NYC is really small. And I ran into Dierdre Garrett Whitfield the other day.
On the train platform.
Let’s think about this. In NYC proper, there are some +8,000,000 people spread out across 3 islands and a small peninsula. A great lot of those people frequently use the train/subway which has 468 stations with platforms that vary in length from 525 feet long to 660 feet long. Each station could have between 2 and 20 platforms depending on what transfers are available. During the daytime at any given station, trains may come anywhere from every 2-3 minutes to 8-10 minutes.
So what is the probability that you would end up at the same spot in the same train station on the same platform at the same time as someone you went to high school with in South Carolina? Because I’ve run into Dierdre, Osamu, Joseph Stanek, and David Hawkins on the subway. Not to mention Meggie at Pizza Hut or Lauren Culpepper at a play reading or Patina at a fashion show or some random kid on the train who went to my high school whose name I don’t know because he was so much younger than me and he goes to Purchase now and I just recognized him as being in my general social network on Facebook and we chatted.
And it makes you think how many times have I *just* missed a classmate. Either they were on the opposite platform or the other end of the platform riding at the back of the train or they were in the train that just left or will be on the train that’s coming behind me. I can’t imagine how many near misses there are in this city.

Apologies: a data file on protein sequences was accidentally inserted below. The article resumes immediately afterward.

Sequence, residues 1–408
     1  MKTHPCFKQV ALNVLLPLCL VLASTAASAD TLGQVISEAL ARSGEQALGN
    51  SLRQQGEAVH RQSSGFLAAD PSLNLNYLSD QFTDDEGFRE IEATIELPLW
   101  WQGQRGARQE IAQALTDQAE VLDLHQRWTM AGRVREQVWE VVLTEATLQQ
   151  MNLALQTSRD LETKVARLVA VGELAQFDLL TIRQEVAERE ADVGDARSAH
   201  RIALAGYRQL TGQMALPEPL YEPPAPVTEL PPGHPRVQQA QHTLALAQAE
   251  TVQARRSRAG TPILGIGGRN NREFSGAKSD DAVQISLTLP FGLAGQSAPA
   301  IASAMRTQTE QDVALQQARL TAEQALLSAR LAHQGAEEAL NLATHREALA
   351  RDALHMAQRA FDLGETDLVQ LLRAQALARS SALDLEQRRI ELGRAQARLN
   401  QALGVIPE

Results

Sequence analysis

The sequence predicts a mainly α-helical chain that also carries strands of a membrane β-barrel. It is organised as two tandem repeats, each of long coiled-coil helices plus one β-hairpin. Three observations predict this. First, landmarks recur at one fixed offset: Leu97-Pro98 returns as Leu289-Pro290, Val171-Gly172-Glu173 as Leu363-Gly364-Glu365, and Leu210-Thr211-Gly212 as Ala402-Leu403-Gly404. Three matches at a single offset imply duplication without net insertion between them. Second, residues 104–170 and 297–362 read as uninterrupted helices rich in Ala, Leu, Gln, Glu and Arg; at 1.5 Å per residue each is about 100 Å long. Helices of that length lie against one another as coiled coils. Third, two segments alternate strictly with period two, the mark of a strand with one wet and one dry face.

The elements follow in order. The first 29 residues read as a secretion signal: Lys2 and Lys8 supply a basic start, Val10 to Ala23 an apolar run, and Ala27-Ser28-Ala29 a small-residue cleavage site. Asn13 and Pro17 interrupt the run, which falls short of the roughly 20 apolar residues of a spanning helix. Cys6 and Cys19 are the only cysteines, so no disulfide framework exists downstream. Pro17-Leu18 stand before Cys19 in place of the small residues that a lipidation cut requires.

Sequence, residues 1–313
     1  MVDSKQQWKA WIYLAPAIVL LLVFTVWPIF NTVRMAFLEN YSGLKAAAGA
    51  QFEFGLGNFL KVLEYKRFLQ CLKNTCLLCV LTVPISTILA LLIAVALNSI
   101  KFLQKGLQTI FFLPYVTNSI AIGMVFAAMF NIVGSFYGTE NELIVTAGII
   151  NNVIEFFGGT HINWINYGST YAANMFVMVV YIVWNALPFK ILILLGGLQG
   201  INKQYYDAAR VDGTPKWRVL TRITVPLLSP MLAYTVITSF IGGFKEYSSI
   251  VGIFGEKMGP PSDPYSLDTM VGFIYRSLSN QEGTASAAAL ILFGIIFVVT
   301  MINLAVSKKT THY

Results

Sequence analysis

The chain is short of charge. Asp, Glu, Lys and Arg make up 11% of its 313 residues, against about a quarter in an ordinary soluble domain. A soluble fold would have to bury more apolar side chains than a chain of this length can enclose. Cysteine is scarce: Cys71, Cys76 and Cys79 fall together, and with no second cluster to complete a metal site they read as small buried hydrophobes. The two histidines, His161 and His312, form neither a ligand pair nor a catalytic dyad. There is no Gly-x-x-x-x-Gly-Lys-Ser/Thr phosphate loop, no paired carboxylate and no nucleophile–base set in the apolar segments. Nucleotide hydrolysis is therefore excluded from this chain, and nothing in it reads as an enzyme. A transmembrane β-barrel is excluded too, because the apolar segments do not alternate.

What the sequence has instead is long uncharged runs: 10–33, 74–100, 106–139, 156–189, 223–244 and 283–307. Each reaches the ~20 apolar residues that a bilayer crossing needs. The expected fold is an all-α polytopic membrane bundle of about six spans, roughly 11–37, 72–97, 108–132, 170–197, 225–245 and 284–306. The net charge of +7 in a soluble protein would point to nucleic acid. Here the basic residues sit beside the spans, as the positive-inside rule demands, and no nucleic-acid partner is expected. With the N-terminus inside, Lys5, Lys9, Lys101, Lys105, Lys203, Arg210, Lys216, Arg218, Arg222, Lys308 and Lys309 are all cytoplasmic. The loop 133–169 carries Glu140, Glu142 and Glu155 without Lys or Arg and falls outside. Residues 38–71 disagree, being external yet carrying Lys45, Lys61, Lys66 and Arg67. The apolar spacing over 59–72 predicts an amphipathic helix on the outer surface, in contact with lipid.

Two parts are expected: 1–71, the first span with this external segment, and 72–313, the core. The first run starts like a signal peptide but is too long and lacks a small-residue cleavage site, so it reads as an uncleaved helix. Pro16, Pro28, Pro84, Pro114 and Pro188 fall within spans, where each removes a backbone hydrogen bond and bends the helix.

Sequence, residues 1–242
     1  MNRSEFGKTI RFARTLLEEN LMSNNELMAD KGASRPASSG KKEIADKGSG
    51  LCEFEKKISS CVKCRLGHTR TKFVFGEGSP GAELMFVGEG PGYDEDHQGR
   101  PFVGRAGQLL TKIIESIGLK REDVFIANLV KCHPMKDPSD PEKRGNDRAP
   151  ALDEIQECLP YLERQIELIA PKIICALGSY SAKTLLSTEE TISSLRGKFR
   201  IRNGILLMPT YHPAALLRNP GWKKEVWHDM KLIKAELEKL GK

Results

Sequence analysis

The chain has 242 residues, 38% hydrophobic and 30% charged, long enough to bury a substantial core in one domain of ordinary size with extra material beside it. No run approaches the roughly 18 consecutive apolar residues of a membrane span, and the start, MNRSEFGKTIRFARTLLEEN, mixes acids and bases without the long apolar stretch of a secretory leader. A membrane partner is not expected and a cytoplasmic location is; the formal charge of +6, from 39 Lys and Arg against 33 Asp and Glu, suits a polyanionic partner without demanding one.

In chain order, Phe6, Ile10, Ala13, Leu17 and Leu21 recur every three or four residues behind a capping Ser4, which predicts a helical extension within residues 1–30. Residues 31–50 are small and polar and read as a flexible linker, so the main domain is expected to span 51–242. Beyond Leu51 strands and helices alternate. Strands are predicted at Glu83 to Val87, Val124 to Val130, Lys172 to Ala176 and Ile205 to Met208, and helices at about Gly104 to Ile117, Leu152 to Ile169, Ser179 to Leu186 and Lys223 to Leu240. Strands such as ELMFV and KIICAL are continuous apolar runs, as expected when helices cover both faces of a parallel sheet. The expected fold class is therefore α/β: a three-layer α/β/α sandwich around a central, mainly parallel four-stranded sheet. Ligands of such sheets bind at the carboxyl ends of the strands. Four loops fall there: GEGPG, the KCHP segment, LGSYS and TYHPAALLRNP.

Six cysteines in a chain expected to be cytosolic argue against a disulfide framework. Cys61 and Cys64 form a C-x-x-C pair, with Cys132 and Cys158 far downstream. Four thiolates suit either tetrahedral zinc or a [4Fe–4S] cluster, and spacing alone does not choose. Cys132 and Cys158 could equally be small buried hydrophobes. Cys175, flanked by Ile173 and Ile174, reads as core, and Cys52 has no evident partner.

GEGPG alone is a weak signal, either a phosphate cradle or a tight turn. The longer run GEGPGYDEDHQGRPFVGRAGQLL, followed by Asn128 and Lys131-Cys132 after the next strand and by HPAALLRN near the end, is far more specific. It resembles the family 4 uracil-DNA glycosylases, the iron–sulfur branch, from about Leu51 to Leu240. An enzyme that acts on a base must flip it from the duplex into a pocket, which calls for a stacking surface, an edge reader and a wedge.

It’s interesting to run into a classmate while I’m with some other friend who doesn’t understand what being a Govie (what we call ourselves) is like. I graduated from a boarding school for artistic youngsters in the South called SC Governor’s School for the Arts and Humanities. And I think I can go out on a limb and say that a lot of us, even those of us who didn’t really want to grow up and make careers in the arts, were restless in the South. So we left. We spread out all over the country and a lot of us ended up in NYC.
Some of us left our art concentration behind totally (my best friend was a violin player who now works for Rachael Ray).
Some of us still tinker around with it (I was a saxophone player and now I write marching band music).
Some of us are really successful (Nicole has five movies coming out this year; Patina nabbed a Tony nomination earlier for Sister Act).
But we’re all just some kids who were thrown together in a really unique fishbowl full of huge personalities and big dreams and a little bit of insanity. Now we’re grown-ups forever connected by this weird kinship of having survived high school in a professional arts bootcamp away from our families, a scenario most people can neither identify with nor truly understand.
So more than NYC just feeling like “home” to me because The South made me feel like a tuxedo at a barbecue, my family is here. When you’re a Govie, even the people you weren’t friends with are still like extended family wherever you go. And I’m glad I get to live in a city where I run into random family members every few weeks.
I’m gonna go type “SCGSAH” into tumblr and see what the kids down there are up to these days…